A Maine State Police trooper and a dog enter the Maine State House to investigate an emailed bomb threat that caused the building to be evacuated Wednesday afternoon in Augusta. It was one of several threats to state governments across the U.S. that the FBI determined to be hoaxes. Joe Phelan/Kennebec Journal

AUGUSTA — The Maine State House was evacuated Wednesday afternoon due to an emailed bomb threat that turned out to be a hoax, officials said.

The incident came as nearly two dozen other states fielded similar bomb hoaxes, and hours after hundreds of people had rallied at the building to call for stricter gun laws.

Lawmakers, state employees and others who had convened in Augusta for the start of the second session of the 131st Legislature on Wednesday were ordered out of the building around 2 p.m.

About 300 people were sent to the nearby Burton M. Cross Building, which is connected to the State House by an underground tunnel.

Shannon Moss, spokesperson for the Department of Public Safety, said Capitol Police responded to the situation and the Maine State Police sent two K9 units to clear out the building.

“There were no explosives found and the threat was deemed to be a hoax,” Moss wrote hours later in a statement, noting that the threat was “discovered” around 1:45 p.m.


Connecticut, Georgia, Kentucky, Michigan, Mississippi and Montana also received bomb threats Wednesday and evacuated statehouse offices or buildings. At least 23 states were reportedly targeted, according to a copy of an emailed threat obtained by CNN.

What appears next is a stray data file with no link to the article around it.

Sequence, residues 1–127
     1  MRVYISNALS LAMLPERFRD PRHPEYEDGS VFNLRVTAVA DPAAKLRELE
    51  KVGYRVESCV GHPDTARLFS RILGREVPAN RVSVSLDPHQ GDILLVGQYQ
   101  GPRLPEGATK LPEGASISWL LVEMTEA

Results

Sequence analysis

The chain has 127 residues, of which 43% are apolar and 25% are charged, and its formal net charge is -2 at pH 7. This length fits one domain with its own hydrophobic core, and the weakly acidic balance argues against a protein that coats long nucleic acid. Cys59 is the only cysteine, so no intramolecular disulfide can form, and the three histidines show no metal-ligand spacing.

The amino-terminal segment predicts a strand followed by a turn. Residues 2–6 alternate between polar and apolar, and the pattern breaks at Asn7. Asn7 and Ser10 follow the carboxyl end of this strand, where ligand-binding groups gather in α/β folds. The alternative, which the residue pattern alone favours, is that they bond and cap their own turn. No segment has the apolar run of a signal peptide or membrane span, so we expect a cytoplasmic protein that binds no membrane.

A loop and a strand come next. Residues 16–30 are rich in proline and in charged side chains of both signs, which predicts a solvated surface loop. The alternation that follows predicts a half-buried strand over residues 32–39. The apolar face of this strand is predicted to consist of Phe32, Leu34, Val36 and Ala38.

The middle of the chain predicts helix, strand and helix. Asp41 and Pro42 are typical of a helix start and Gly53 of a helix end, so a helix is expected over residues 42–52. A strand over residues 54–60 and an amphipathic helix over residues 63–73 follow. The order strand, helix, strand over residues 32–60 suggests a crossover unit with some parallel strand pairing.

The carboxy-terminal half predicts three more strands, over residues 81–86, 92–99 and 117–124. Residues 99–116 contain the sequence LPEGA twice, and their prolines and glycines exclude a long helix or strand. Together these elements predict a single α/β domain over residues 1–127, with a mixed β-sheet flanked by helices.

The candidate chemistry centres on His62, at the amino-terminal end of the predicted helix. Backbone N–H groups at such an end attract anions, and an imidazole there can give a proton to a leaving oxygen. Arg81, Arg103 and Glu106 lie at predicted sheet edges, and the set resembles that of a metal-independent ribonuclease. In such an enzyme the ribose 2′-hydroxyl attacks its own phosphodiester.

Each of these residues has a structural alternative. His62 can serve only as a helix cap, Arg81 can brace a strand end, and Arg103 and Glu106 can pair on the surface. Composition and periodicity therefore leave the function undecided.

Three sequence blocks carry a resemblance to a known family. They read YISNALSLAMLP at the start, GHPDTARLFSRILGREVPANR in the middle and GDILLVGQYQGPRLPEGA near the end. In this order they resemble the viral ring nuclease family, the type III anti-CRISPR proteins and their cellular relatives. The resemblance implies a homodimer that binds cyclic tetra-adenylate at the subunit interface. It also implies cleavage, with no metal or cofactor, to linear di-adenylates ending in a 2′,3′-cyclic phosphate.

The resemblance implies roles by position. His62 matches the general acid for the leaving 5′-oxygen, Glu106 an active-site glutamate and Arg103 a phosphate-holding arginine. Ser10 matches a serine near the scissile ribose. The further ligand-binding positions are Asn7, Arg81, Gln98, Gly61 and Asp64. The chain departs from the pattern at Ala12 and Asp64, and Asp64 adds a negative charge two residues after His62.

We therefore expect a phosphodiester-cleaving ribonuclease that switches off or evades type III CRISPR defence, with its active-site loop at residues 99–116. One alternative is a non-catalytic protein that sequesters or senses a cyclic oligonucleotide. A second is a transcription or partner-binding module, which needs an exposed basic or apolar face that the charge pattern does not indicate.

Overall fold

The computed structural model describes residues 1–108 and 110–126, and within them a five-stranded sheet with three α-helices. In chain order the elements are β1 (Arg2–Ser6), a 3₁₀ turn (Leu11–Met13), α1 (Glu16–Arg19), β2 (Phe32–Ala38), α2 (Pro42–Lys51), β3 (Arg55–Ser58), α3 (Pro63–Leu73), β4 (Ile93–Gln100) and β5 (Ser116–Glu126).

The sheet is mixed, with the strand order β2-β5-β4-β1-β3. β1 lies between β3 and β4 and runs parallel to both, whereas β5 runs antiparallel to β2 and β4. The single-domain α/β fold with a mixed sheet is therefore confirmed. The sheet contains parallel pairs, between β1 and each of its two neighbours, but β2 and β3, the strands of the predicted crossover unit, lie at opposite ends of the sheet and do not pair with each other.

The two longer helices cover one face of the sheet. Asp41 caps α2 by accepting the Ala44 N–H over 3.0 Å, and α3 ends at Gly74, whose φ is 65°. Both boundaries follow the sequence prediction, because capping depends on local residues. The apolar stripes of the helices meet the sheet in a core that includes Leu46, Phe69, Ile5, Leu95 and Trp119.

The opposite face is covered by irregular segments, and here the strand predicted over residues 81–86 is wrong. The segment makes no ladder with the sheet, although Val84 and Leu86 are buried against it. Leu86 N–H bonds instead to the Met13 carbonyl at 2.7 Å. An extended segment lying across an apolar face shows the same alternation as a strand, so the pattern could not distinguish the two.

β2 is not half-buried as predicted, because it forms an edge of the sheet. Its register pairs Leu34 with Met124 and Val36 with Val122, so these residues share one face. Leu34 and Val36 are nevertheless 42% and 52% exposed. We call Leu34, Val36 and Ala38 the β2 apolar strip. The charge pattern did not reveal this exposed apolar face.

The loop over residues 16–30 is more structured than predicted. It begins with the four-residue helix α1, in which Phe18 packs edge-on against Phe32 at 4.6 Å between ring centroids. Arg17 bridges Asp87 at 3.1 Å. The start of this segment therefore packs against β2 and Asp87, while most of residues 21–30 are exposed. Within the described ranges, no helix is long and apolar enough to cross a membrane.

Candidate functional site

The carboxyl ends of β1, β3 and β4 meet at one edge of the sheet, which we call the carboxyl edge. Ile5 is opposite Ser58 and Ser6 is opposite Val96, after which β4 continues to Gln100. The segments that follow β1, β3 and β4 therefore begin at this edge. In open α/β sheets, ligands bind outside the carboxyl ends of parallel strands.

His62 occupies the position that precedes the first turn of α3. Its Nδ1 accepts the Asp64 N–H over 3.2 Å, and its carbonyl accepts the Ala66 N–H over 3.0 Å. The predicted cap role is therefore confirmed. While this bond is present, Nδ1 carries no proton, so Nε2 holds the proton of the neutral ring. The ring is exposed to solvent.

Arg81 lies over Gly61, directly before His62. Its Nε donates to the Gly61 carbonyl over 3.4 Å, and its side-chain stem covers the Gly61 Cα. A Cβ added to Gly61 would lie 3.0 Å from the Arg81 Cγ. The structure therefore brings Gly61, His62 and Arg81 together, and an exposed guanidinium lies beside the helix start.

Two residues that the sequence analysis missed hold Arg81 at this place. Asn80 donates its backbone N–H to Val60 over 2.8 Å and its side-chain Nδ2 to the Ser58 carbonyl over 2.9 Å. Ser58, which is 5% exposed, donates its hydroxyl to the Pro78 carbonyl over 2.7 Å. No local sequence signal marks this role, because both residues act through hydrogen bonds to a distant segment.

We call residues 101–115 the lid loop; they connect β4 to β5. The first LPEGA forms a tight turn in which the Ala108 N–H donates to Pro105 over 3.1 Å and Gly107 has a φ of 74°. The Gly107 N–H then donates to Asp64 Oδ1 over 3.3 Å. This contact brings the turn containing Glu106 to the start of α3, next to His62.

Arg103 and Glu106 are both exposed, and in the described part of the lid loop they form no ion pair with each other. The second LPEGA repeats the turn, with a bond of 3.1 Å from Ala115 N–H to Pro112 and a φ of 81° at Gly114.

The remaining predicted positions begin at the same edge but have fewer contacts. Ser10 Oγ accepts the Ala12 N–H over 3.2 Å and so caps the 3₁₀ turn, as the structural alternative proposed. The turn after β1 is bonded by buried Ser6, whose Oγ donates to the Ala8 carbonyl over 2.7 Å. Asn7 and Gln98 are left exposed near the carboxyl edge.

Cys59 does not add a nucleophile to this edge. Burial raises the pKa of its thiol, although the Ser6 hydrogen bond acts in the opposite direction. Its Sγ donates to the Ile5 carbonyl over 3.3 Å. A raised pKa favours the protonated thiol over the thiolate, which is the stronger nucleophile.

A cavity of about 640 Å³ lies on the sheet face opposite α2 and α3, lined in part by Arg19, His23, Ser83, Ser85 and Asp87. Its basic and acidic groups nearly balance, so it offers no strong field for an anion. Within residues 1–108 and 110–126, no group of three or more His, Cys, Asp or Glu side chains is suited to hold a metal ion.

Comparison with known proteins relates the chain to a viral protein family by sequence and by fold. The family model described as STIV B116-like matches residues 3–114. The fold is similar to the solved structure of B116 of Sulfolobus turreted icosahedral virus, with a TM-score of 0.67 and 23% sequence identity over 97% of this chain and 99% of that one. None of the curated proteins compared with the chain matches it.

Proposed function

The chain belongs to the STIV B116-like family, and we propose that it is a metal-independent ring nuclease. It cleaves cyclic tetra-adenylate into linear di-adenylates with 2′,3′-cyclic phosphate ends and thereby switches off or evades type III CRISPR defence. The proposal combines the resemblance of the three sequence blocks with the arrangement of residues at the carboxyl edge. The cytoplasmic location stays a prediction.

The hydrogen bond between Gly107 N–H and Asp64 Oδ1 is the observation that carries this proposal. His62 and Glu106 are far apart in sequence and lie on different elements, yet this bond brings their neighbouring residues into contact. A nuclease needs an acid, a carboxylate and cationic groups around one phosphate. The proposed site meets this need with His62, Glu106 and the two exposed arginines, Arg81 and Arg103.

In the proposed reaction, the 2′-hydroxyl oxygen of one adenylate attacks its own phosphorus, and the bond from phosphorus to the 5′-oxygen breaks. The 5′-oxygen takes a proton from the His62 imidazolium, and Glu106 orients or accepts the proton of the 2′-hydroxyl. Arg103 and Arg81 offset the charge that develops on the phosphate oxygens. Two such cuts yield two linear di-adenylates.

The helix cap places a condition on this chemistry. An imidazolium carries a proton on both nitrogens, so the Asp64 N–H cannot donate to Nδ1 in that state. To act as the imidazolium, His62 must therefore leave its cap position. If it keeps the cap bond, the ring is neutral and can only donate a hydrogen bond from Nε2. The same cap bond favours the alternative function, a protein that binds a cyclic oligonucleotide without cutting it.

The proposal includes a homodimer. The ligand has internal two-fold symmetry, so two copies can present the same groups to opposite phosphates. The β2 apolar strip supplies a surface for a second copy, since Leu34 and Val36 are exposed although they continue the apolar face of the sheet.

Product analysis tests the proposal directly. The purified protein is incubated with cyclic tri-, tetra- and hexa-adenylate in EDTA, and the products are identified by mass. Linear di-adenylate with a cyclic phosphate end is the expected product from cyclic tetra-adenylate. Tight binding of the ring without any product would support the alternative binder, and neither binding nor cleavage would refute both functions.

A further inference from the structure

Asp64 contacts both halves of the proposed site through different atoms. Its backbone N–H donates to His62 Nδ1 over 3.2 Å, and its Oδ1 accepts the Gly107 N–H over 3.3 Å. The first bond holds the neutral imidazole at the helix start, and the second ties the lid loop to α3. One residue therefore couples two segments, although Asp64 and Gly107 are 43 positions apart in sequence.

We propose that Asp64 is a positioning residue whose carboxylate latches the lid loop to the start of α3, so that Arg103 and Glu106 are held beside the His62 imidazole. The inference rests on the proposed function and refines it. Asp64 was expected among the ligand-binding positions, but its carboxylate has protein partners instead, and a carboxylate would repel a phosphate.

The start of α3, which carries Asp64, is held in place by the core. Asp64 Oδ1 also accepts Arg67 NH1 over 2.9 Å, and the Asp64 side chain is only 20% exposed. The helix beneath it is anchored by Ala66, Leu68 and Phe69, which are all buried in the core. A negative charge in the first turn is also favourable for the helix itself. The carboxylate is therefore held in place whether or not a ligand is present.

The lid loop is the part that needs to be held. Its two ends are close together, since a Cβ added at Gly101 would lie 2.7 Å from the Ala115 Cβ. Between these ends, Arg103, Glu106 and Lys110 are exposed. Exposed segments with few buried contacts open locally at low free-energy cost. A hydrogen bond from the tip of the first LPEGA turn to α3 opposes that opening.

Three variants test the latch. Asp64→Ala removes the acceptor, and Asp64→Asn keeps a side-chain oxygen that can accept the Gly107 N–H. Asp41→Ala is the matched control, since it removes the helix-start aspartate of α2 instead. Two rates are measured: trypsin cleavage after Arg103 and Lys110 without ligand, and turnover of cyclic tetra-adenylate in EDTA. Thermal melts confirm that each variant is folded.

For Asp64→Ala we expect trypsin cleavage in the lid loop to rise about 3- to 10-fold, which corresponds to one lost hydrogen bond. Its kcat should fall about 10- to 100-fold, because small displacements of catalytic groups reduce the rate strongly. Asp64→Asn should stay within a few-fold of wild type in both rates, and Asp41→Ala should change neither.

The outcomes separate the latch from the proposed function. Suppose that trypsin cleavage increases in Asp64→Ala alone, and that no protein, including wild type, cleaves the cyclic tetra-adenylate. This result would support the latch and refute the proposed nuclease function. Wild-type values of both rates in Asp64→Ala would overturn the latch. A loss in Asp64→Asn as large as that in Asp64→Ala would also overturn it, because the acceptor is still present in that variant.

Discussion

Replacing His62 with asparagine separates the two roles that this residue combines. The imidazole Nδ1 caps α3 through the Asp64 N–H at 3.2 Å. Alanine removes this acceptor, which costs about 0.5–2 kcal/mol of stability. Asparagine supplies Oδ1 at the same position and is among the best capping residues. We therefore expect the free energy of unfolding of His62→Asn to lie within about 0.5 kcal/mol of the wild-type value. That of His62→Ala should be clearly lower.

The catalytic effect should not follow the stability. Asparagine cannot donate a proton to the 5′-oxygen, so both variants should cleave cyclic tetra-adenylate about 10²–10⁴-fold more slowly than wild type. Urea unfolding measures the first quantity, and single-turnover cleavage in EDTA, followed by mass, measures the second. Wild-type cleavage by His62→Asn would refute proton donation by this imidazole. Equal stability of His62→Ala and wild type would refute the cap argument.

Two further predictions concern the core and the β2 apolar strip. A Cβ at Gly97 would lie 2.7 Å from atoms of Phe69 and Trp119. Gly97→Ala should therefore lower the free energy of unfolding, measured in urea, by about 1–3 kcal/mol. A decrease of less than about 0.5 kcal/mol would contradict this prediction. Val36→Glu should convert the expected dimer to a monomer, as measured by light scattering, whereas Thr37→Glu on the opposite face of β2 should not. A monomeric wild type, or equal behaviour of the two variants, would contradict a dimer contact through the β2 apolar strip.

No explosives were found and the FBI also dismissed those threats as hoaxes, the Associated Press reported.

After an emailed bomb threat caused an evacuation Wednesday, a Capitol Police Officer moves cones so another law enforcement vehicle can approach the Maine State House on the opening day of the second regular session of the 131st Maine Legislature in Augusta. Joe Phelan/Kennebec Journal

Moss confirmed the Maine threat was emailed to a person who works at the State House, but did not name the employee.

Capitol Police Chief Matthew Clancy could not be immediately reached for comment. Augusta police and fire departments assisted on scene.

Wednesday marked the second time in a week that Maine politicians have been targeted by swatting incidents, in which callers phone authorities about a fake emergency in order to elicit a large police response.

Secretary of State Shenna Bellows received a similar threat over the weekend when someone called police to falsely report a break-in at her home in Manchester. The threat was one of several she has faced in the days after she decided to remove former President Donald Trump from Maine’s Republican primary ballot citing his role in the Jan. 6 insurrection.

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